Patrick Ward words, code, and music

Restricted Beasts

About 20 years ago, I came up with the inspired idea that I might like to do some writing — maybe spin a few tales or comment on the scenes around me. I’d always written simple poetry and my song writing was known to the closest few around me. So, I thought why not expand on those lyrical drifts and express the ideas in my head more formally? I even took a few creative writing courses in college, in which I did quite well. I was told I had promise as a writer.

Whether through writing, music, photography, or other artistic mediums, I’d always found ways to express myself creatively. So, what happened in between the promises of the past and the shadows of the present?

It’s the same trite story that’s been told a million times: life happened. All of the usual clichés entered my reality in ways I wasn’t prepared for. Of course, it’s all fodder for the writer, but only if you’re ready to accept it. I wasn’t.

At some point in my addled past I became fearful of the words pouring out of me, unable to explain the thoughts drifting through my mind. I began to drag a long shadow behind me, a shadow I was not willing to accept. I should have explored it, but I chose to lock it away and pretend it didn’t exist. I decided that there were to be no more dreams, no more songs, no more writing. Imagination was too scary; self-assessment would have to wait. I needed something clinical, less emotive. So, I poured my creativity into technical pursuits; you can hide in the binary world, it’s less revealing.

Dreams, though, have a way of sitting still but never settling. Like a caged panther, they pace across the floor of the mind slowly staring out at the scenes of an automated life, waiting to pounce at life’s brief pauses. All it takes is one hasty moment of doubt to stop the spinning world and force you to realize the treading creature within.

So, why now? What has caused the cat to pounce so definitively?

It’s not because I’m any more confident. My confidence has grown but I still fear the light of public discourse. It’s not the inevitable capriciousness of middle age, although that is naturally a concern of anyone reaching that milestone. It’s not to realize the sweet idea of being the modern Thoreau — well maybe just a little — but I’m not so ridiculous as to believe in it. It’s not because I have something to prove. I’ve tried that and realized the emptiness of it. It’s not because I desire to be admired again, that too was a path misleading. It’s certainly not because I have more wisdom to bestow. I’ve grown and learned, but the only person I can change is myself. It’s not because I’m a better writer. I’ve improved, but not so much as to accept myself as such.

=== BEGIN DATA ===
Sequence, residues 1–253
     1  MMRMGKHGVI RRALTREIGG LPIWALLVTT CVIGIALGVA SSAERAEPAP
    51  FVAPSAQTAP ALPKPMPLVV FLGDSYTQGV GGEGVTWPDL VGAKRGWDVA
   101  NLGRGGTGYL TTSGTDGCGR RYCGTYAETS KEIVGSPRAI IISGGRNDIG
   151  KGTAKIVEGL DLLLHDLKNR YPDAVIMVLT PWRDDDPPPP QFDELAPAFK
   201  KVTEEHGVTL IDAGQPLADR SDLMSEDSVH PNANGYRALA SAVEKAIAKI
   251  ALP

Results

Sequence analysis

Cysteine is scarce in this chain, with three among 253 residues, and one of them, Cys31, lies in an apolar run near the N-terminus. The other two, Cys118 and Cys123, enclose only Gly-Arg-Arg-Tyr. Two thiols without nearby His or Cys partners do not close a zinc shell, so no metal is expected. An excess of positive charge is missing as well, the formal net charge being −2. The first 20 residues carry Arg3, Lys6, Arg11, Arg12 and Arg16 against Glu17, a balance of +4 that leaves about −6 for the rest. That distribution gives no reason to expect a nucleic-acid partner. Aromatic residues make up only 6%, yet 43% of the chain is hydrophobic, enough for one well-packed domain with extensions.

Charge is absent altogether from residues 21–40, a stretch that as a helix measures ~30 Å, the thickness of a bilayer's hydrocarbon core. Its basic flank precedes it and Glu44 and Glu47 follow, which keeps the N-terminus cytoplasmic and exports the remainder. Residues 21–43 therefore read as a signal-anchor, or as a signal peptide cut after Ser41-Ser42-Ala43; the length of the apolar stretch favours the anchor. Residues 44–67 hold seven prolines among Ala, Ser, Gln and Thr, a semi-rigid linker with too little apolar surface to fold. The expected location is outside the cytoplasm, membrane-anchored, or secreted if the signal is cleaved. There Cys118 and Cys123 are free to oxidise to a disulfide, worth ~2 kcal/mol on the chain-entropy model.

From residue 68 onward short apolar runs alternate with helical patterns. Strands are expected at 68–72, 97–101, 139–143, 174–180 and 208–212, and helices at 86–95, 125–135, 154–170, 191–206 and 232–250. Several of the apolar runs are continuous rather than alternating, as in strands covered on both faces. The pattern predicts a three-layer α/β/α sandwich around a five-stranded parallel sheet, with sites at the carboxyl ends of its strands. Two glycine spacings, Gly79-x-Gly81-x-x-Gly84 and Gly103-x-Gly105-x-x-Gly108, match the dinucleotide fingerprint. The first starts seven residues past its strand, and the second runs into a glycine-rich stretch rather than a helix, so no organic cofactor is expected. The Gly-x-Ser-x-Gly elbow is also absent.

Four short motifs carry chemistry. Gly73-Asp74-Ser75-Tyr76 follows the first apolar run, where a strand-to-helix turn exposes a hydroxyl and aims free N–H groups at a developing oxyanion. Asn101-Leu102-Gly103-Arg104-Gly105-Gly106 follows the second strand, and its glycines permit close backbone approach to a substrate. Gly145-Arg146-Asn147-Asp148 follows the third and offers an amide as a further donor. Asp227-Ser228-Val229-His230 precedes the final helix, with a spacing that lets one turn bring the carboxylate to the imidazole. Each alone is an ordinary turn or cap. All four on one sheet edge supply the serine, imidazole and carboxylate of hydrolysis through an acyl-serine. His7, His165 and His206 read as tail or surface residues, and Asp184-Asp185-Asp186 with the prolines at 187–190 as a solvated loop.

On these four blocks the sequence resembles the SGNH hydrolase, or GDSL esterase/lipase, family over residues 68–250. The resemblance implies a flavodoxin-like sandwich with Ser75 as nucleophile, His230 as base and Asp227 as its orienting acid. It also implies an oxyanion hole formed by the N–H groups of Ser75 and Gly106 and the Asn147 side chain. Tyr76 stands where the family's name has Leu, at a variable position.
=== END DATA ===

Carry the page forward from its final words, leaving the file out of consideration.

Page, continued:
I write now because I have to, because the thoughts won’t stop, because they need to be collected, organized, and completed, because I’ve lived through too much not to share, because I’ve begun to realize the connections around me and the responsibilities they entail, because that wistful sense of a distant need to explain is still there waiting to be captured and put to use.

I don’t have any illusions though, the writing will have to improve and grow. It’ll take time — a lesson that probably took me twenty years to realize. There have been other, briefer, cracks in the timeline to help me get to this point, but I know that I’ll have to sustain this awakening longer if I’m going to see it to fruition. Even these current words evoke a twinge of shame, but I have to let them out or the words to follow will never arrive.

These thoughts may surprise some. I’m the quiet one, not known to rattle cages loudly. I’ve always hidden the trodden path of the restlessness within. Yet, the longer I stay silent the less I understand my own thoughts, the less I can give back to the world that’s given me so much.

So, the path is open and the creature has sprung. Only, it’s tethered by the vagaries of a personal history, by the fears and inconsistencies of a sleepless mind, and by a ruthless inner critic who refuses to lie down gracefully.

The trouble with restricted beasts is that they grow impatient over time. Their desire to be freed grows to feverish levels that defy logic and practicality. You can’t ignore them, they require attention. They insist on being heard and understood. They need to be carefully attended to and exercised. Eventually, you have to set them free, or they will destroy you when you least expect them.

And so this journal begins, for what it’s worth, as a way to see if this beast is worth feeding or is better tossed back to the muses for good.